Editor-in-chief Simon Broughton Publisher & Publishing Director Paul Geoghegan Editor Jo Frost Deputy Editor Alexandra Petropoulos Art Director Calvin McKenzie Advertisement Manager James Anderson-Hanney Marketing Manager Edward Craggs Online Content Editor James McCarthy Reviews Editor Matthew Milton News Editor Alex de Lacey Listings Editor Tatiana Rucinska World Cinema Editor John Atkinson Sub editor Emma Baker Interns Jordan Narloch & Rachel Cunniffe Cover illustration Danny Allison Contributing Editors Jane Cornwell, Mark Ellingham & Nigel Williamson Subscriptions Director Sally Boettcher Editorial Director Martin Cullingford CEO Ben Allen Chairman Mark Allen SUBSCRIPTIONS UK: 0800 137 201 Overseas: +44 (0)1722 716997 subscriptions@markallengroup.com ADVERTISING +44 (0)20 7501 6683


Music – a powerful weapon

Trump’s to blame. Or at least, he’s one of the reasons why we’re devoting this issue to the power of music and its abili to unite rather than divide people. It was during the incredulous, grisly a ermath of his election win in November that we first began discussing the idea and around the same time, I visited the Oslo World Music Festival where the theme was Forbidden Songs. Their crammed programme of thought-provoking debates on the topic of music censorship convinced me that we had the makings of a special issue.

Regular readers of Songlines will be all too aware that the music we cover in these pages is o en far more than pure entertainment. Yes, it can make you smile, want to dance, or reduce you to tears. But there’s also a galvanising force about music that means it can be used as a powerful weapon in political and social activism – precisely why oppressive regimes tend to ban or censor it.

So this issue we’re championing and celebrating those musicians who have stuck their necks out and sung out about social injustices, crimes and civil rights – whether it’s rapping against an unpopular leader like Smockey did in Burkina Faso (p22); joiking in defiance of the suppression of the Sámis’ indigenous culture (p28); exploring the role and history of protest songs (p32) or being forced by jihadists to record in exile, like Tinariwen (p76). As Smockey says: “Not everyone is lucky enough to have a microphone in front of them, so if you have the chance to talk, you have to say something important and try and change humani .” Now there’s an important lesson for Twitter addict President Trump.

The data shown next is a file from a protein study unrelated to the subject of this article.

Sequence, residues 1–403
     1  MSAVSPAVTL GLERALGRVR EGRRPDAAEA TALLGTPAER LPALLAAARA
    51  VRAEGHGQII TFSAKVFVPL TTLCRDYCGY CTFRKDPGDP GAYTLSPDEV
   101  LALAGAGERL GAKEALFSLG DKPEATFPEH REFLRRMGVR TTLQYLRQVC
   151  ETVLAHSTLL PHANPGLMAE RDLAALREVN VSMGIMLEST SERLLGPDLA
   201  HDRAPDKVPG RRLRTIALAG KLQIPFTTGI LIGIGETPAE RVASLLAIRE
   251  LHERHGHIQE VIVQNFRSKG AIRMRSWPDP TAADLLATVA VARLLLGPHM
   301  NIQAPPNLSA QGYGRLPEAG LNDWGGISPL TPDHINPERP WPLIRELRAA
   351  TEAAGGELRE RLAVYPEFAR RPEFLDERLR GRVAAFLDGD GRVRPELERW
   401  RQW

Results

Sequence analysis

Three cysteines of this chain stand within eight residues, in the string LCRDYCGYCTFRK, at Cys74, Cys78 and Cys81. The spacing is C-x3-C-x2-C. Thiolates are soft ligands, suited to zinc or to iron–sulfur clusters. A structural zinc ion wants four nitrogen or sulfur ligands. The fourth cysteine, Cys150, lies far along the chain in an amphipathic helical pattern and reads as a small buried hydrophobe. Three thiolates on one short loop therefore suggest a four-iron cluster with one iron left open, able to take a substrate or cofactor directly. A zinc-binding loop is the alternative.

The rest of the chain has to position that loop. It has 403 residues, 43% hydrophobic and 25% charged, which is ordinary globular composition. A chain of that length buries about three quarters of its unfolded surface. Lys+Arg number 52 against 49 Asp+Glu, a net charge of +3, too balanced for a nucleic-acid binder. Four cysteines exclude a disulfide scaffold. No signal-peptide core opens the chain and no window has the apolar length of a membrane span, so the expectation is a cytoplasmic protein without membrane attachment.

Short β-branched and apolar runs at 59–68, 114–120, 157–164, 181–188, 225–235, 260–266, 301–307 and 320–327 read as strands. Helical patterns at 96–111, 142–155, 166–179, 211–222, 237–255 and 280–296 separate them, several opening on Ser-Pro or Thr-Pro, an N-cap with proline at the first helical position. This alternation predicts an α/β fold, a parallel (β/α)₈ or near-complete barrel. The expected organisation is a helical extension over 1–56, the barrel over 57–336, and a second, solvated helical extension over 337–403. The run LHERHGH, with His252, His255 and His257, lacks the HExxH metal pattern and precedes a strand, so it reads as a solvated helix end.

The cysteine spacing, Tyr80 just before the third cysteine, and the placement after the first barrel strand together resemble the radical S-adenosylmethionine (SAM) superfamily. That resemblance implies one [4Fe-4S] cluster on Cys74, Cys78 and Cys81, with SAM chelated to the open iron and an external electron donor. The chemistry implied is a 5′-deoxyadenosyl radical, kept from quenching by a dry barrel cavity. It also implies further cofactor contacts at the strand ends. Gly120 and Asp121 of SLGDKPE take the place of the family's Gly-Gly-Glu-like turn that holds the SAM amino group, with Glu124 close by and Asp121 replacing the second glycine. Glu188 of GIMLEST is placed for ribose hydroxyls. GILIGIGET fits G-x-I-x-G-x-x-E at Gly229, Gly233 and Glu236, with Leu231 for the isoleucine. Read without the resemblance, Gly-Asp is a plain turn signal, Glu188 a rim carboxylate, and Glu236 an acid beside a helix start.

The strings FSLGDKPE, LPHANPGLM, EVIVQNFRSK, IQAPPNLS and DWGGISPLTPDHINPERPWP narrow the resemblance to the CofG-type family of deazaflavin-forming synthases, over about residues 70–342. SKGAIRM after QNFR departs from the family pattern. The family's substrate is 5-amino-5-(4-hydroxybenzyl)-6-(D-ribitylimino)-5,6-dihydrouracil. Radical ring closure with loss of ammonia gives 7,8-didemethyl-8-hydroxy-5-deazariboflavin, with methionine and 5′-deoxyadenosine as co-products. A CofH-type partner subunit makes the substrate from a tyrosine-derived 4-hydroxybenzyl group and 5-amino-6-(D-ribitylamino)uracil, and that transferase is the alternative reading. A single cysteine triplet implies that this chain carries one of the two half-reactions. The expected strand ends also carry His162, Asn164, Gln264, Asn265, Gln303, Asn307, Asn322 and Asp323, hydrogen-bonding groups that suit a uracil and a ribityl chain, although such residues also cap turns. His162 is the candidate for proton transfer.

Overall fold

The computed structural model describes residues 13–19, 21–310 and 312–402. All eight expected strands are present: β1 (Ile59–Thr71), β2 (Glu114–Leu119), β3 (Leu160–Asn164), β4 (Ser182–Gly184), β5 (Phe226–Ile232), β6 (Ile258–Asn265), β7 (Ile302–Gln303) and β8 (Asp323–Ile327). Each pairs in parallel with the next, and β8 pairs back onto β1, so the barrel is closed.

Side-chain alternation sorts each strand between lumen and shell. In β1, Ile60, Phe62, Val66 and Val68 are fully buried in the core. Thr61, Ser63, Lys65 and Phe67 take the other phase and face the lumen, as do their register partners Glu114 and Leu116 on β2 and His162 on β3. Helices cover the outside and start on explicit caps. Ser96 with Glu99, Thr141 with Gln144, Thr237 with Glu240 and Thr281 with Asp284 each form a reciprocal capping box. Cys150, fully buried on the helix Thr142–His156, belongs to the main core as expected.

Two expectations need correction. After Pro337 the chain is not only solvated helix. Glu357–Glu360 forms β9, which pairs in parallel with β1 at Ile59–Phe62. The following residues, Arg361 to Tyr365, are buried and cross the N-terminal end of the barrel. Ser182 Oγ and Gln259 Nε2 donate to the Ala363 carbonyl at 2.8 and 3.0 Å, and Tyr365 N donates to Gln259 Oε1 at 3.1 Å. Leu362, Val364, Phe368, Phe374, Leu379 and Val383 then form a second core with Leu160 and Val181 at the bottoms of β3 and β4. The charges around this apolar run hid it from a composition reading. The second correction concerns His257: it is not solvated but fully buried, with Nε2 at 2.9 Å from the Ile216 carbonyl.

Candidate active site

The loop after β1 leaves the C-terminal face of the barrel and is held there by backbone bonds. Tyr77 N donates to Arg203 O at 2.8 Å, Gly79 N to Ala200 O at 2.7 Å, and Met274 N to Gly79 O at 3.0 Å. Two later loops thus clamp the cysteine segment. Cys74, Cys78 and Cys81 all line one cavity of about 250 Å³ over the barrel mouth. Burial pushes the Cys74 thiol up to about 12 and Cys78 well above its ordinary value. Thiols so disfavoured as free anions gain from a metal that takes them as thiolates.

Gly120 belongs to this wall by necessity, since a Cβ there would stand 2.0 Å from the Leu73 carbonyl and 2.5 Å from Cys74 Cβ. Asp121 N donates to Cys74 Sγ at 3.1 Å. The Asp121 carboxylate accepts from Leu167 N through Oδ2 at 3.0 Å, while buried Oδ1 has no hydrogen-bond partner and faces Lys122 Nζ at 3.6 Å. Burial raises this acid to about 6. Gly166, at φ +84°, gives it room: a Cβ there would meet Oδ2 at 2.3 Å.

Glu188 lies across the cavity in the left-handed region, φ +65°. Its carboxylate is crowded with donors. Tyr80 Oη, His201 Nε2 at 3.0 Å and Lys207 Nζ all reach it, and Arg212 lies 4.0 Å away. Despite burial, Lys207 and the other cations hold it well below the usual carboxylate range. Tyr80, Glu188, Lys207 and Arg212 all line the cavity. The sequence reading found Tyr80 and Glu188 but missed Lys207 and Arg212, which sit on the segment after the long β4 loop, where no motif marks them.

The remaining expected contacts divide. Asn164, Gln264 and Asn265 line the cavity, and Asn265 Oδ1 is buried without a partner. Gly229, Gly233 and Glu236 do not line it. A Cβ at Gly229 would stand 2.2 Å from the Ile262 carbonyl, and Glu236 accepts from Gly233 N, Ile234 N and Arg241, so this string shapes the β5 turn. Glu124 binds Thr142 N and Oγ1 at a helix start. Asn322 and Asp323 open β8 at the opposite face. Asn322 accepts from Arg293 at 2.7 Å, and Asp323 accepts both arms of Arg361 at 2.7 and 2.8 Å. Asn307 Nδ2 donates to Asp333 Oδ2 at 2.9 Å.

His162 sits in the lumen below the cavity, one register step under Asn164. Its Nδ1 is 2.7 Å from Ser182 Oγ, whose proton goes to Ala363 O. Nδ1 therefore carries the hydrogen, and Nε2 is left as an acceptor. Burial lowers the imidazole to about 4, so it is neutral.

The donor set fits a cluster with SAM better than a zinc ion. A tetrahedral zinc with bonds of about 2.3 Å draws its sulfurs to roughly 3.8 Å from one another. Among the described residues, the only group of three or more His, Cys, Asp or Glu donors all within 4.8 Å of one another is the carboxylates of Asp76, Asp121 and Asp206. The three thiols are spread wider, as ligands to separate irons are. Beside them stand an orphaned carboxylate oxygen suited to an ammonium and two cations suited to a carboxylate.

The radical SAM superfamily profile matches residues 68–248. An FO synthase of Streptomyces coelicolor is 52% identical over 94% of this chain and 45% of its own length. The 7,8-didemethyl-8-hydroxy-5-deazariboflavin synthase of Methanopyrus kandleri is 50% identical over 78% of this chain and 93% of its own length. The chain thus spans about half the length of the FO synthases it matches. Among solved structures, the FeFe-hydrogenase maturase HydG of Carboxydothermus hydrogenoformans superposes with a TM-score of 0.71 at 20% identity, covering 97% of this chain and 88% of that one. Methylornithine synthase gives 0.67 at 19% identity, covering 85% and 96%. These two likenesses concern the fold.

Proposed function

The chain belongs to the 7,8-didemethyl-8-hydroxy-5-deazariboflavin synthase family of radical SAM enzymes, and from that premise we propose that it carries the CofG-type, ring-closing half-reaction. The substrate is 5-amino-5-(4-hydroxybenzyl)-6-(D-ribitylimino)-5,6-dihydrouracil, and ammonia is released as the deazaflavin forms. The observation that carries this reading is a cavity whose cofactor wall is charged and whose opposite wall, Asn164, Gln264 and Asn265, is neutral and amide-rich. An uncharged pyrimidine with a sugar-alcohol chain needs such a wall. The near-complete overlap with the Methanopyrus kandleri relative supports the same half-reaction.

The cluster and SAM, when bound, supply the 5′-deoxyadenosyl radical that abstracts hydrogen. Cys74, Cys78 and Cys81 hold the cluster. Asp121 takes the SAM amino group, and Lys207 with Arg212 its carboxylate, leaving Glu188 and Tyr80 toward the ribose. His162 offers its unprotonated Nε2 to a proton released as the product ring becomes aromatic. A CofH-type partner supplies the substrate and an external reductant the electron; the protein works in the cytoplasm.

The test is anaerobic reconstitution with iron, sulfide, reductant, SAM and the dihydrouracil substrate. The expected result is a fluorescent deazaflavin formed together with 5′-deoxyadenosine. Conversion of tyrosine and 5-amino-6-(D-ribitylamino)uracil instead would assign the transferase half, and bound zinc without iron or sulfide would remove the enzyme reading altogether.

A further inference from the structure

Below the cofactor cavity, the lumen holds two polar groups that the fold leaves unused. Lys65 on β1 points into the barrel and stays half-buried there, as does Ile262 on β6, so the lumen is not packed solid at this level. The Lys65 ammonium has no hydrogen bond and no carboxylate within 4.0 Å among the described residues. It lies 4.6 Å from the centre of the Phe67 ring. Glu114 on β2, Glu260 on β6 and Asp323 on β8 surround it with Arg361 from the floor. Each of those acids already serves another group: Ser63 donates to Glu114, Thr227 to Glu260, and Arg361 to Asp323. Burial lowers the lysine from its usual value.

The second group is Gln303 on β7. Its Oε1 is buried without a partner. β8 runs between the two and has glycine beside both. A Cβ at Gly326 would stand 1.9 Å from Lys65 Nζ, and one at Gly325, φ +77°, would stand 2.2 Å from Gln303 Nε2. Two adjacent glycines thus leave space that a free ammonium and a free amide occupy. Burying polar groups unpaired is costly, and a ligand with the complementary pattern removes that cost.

Jo Frost, editor

“We’re championing those musicians who have sung out about social injustices”



Songlines is published by MA Music Leisure & Travel Ltd St Jude’s Church, Dulwich Rd, London, SE24 0PB, UK +44 (0)20 7738 5454 info@songlines.co.uk www.songlines.co.uk © MA Music Leisure & Travel Ltd, 2017. All rights reserved. No part of the Songlines may be reproduced, stored in a retrieval system, or transmitted in any form or by any means electronic, mechanical, photocopying, recording, or otherwise without prior written permission of the Publishing Director. The views expressed do not necessarily represent those of the editor or Songlines Advertisements in the journal do not imply endorsement of the products or services advertised. ISSN 1464-8113. Printed by: Pensord Press Ltd, Blackwood, NP12 2A Record trade distribution WWMD Ltd 0121 788 3112 Newstrade distribution COMAG 01895 433600

Jordan Narloch Jordan is a student at the College of St Benedict/Saint John’s Universi in Minnesota. He’s been studying in London, exploring his interest in music journalism while helping out at Songlines.

Robert Rigney Robert is an American writer from Berlin who writes about East Europe, the Balkans and Turkey. In addition to Berlin, he has lived in Prague and Istanbul where he interviewed Baba Zula, see p38.

Roberto Battista A musician by passion and video producer by trade, Roberto worked at BBC Radio 3 for a few years producing multimedia content. He now lives in Italy where he reports on the effects of the earthquakes on p81.

Songlines was launched in 1999 and is the definitive magazine for world music – music that has its roots in all parts of the globe, from Mali to Mexico, India to Iraq. Whether this music is defined as traditional, contemporary, folk or fusion, Songlines is the only magazine to truly represent and embrace it. However, Songlines is not just about music, but about how the music fits into the landscape; it’s about politics, history and identi . Delivered in both print and digital formats, Songlines, through its extensive articles and reviews, is your essential and independent guide to a world of music and culture, whether you are starting on your journey of discovery or are already a seasoned fan.

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